In 2007, he released his album ‘Planet Earth’. It was given away free on the front of The Daily Mail. I was away on holiday at the time, but my parents had the paper delivered every day. So I gave them their orders to keep the CD for me, and I would collect it when I got back. When I got back, they they told me of the panic they’d had. The delivery boy had mistakenly given them the wrong paper: a paper that didn’t have the free CD. They had to do a mad dash around the street, knocking on the doors of their neighbours, trying to find someone who took the same paper, and didn’t want the CD. Luckily they were successful, and I got my CD. Many music retailers were angry with his decision to give the album away for free. They felt they had supported his career for many years by selling his albums. The fact he had decided to bypass them and not charge for it was somewhat of a kick in the teeth. But Prince was only ever going to do things his own way, as he had right through his career. He was always about the music, and didn’t care about the industry or what it expected of him. Prince was fighting for artists’s rights long before Taylor Swift was born. She may be fighting the fight now, but Prince’s ruthless battle started long ago, even resulting in the changing of his name to make a stand against his label.
It’s hard to imagine how you would feel on losing an artist you truly love. Whilst I respected Bowie and recognised his important contribution to the music industry, it was Prince who really made the impact on my life. I never met him, and due to his private persona, knew little about him. But I felt I knew him through the way he expressed himself through his music. His presence in my has always been there. To know there will be no more music from this genius truly saddens me. But what a back catalogue, what a legacy he has left. He will be forever remembered through his music.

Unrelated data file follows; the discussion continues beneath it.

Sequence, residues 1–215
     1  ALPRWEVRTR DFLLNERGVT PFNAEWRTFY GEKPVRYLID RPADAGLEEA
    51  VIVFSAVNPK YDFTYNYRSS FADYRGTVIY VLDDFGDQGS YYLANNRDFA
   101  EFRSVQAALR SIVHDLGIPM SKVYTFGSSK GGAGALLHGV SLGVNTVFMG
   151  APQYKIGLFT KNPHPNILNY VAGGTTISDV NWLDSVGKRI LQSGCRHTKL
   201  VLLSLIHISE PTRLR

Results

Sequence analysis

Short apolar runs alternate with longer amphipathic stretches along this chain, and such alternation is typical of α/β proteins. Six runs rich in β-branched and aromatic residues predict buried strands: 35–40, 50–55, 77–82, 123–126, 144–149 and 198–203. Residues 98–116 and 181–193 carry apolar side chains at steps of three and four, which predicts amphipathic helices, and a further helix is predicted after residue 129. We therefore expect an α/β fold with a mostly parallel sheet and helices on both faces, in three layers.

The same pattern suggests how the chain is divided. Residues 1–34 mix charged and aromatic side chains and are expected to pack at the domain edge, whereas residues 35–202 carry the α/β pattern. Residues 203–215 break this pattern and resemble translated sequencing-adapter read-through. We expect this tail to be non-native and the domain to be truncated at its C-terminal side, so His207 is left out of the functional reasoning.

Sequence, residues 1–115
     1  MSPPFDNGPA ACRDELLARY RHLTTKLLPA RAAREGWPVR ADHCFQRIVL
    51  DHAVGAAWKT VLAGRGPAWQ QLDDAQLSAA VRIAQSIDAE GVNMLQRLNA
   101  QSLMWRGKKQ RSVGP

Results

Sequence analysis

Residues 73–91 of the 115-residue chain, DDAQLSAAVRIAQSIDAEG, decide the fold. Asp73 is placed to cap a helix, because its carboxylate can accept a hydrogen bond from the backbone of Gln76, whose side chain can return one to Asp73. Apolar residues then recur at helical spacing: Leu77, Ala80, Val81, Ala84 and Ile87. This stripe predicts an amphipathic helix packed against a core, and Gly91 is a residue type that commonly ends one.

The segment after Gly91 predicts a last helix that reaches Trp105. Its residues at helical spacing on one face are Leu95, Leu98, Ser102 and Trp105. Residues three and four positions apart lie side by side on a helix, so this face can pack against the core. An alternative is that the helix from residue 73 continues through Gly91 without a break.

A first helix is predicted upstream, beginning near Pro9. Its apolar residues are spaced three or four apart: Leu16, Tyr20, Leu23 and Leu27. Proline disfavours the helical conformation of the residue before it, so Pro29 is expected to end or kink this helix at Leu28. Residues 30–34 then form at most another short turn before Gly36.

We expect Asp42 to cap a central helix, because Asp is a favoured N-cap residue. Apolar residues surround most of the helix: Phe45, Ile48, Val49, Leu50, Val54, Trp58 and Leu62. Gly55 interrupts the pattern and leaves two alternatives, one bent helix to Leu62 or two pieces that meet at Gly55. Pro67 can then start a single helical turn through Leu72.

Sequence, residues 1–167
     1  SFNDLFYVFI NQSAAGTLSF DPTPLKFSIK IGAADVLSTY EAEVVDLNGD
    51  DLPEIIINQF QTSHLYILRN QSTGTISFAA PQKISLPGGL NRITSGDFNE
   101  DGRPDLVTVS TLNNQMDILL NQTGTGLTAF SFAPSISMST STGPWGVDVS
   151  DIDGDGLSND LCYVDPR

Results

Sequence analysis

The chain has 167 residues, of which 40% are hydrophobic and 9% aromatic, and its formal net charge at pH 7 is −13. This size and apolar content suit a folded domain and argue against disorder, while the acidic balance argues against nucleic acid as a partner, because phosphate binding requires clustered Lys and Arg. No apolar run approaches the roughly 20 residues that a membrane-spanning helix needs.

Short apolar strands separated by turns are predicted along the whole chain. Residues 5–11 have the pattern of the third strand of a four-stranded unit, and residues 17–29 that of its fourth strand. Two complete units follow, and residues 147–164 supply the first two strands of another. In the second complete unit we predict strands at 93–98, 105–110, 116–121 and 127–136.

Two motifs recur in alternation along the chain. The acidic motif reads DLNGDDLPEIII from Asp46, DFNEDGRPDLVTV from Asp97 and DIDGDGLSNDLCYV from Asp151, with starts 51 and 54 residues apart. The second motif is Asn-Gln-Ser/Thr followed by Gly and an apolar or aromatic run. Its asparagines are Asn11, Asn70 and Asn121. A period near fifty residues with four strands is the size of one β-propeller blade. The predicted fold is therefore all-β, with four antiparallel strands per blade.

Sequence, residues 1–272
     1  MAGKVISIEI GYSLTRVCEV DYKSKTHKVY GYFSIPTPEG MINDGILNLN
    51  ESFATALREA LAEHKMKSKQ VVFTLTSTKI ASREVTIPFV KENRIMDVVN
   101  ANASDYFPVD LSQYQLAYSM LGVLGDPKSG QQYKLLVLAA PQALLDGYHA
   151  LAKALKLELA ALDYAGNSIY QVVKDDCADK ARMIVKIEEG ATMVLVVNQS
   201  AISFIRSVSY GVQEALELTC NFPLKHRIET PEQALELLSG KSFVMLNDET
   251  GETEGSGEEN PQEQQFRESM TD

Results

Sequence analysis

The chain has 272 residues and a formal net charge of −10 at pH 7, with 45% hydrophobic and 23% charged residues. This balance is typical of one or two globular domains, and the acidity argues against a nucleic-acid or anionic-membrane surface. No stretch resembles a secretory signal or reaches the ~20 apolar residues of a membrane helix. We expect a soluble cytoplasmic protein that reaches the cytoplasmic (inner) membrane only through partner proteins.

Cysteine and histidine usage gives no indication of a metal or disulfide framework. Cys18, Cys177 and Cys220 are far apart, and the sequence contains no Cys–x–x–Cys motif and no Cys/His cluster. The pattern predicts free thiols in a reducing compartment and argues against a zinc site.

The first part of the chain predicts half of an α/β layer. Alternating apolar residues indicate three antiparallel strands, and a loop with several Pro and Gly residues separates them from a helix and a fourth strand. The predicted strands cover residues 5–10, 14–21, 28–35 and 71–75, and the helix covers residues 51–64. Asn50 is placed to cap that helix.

I remember starting out writing a book about a boy growing up with Tourette’s. I remember reading so many novels on the subject that made the Character with Tourette’s as one who shouted out swear words, with ‘hilarious’ consequences. There was never any explanation to the pain and the urges behind it. Writing it was so much fun, and I fell in love with Adam, the protagonist of the story. But when I first started out, I never made any thoughts to what I would do with it when I was finished. I just knew I needed to write it.
Self publishing was always an attractive route for me. It has a lot of the same qualities that made blogging such a passion to me. It’s instant, no waiting around. I could set it up as I wanted to, and get it out to the world at just the press of a button. Which is exactly what I did. But I was hasty, and didn’t get it edited properly. But after taking advice from other writers and editors, I did exactly that. Now I have a fully edited version of the book, and it’s ready for your reading pleasure (hopefully) now. I’ve also slightly adjusted the art work, so it’s exactly as I want it. Thanks to my brother for that one. It’s been a long time since finishing that first draft to getting it out. But out it is. I would love to hear your thoughts. I have some PDFs I can send out to book reviewers, or book lovers who would like to review it. Just leave a comment below.
I’ve relaunched this blog to talk about writing, but also to post my music reviews and talk about life in general. Will hopefully be adding new content soon. Giving it a bit of a face lift too, so keep checking back in. I’ve also set up a Facebook page (click here) There’s not too much on it at the moment, but give me a Like please, and I’ll be your bestest buddy. Will add more stuff to it soon.
Anyways, catch you all soon. Buy my book please (here). New proper blog post coming soon. I’ll leave you with a video from the album I’m reviewing at the moment.
Out for now.